ruling became productive of state law. Today, even though Ayatollah
Khamenei is the Supreme Leader, the weight of his religious fatwas
is no different from those of many other grand ayatollahs of simi-
lar rank. The Compliance of all legislation with Islamic concepts is
supervised not by him but by the Council of Guardians.
8. Thrir al-wasilah was apparently written in 1964-1965, during the first
year of Khomeini's exile to Bursa, Turkey. It was published only after
his move to Najaf in late 1965. I am grateful to Maryann Shenoda
for the translation from the Arabic of this section of Tahrir al-wasilah,
which I have slightly modified.
9. Siyasi links psychology with, and distinguishes it from, two other
fields of new sciences, namely biology and sociology, noting that the
new science of psychology has moved away from its previous affilia-
tion with philosophy and entered into empirical sciences (ca. 1938;
Verdicts of Science, Rulings of Faith 553
11-12), and that like biology and sociology, the basic methodology of
psychology is observation and empirical evidence (21).
10. This is by no means unique to Iran, of course. Lawrence Cohen makes
a similar point in his discussion of the hijras: "I collapse the terms sex
and gender here . . . confronted with narrative and language which
resists any a priori divisibihfy into embodied sex and expressive
gender" (Cohen 1995: 278). Megan Sinnott has similarly noted that
"there is virtually no linguistic distinction in Thai between sex (as in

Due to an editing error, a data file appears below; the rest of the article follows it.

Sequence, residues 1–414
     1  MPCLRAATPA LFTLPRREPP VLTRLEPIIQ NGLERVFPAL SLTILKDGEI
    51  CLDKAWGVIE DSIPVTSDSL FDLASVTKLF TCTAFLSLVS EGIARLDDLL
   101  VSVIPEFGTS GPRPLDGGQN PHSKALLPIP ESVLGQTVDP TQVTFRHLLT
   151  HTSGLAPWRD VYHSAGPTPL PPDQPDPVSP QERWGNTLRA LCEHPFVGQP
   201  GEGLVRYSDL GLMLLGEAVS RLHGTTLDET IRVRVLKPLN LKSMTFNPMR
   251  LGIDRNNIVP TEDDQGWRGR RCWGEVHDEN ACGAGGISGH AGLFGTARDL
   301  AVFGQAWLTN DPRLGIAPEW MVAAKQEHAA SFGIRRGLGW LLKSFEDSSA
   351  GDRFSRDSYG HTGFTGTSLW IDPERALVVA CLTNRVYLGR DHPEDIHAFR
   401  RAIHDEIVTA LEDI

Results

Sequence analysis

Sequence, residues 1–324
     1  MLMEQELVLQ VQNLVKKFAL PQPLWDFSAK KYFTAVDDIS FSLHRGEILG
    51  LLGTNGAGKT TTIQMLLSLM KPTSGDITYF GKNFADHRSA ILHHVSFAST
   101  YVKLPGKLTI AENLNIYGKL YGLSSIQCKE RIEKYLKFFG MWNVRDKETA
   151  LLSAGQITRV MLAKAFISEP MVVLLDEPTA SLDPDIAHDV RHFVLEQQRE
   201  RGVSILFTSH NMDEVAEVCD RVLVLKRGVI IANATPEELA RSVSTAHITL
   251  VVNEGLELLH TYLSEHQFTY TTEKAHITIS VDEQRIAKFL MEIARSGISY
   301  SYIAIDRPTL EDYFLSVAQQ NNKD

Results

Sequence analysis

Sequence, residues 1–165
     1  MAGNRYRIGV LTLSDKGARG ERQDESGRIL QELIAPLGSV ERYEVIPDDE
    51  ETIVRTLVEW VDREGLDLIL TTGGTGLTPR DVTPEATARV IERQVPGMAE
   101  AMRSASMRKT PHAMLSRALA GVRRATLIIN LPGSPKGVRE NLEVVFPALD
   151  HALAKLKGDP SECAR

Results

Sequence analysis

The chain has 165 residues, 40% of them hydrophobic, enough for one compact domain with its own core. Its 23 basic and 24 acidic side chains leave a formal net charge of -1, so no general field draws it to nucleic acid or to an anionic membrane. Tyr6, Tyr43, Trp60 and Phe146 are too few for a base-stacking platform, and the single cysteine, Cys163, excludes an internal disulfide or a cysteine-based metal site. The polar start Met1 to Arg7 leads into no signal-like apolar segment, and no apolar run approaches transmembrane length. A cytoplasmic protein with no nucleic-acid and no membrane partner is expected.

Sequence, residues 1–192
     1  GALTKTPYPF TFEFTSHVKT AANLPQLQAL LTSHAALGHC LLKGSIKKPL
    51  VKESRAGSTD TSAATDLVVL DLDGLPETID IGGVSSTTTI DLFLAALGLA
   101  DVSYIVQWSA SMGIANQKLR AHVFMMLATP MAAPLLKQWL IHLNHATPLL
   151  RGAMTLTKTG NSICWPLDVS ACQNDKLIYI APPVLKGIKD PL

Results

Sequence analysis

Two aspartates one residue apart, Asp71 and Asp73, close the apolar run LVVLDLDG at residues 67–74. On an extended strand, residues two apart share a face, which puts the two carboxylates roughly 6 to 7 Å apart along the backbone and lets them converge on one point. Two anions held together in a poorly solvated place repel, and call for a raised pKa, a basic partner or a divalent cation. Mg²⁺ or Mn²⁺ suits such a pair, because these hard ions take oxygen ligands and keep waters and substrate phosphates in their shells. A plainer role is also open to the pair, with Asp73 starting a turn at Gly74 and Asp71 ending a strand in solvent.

body) and gender (as in masculinify and femininify)" (Sinnot 2004:
59). In Persian academic texts as well as in mass media, jins and its
various related conjugations are used for both gender and sex.
11. The relationship among sex, gender, and sexuahfy has been subject
of very productive theoretical debates and research projects over
the past three decades (for a critical review, see GLQ_ 2004). Within
this body of literature, a zone of critical engagement has emerged
between queer theory and "its evil twin," transgender studies (Susan
Stiyker's term in GL(l2004).
Adelkhah, Fariba. Being Modem in Iran. Ti-ans. Jonathan Derrick. London:
Hurst, 1999.
Ashrafian Bonab, Maziar. Zaruriyat-i pizishki-i qanuni (title translation on
back page: Essentials of Forensic Medidne). Intro. Faramarz Gudarzi
and Hujjat al-Islam Zikrallah Ahmadi. Tehran: Taymurzadeh, 2001.
Barlow, Tani E. "Theorizing Women: Fun, Guojia, Jiating." Body, Subject
b Power in Chirm. Eds. Angela Zito and Tani E. Barlow. Chicago:
Universify of Chicago Press, 1994: 253-89.
Cohen, Lawrence. "The Pleasures of Casfration: The Post-Operative Status
of Hijras, Jankhas, and Academics." SexualNature, Sexual Culture. Eds.
Paul R. Abramson and Steven D. Pinkerton. Chicago: Universify of
Chicago Press, 1995: 276-304.
de Certeau, Michel. The Practice of Everyday Life Berkeley: Universify of
Califomia Press, 1984.
Epps, Brad. Unpubhshed discussant's comments on draft of chapter 5
554 social research
of my forthcoming book, presented at the Harvard Humanities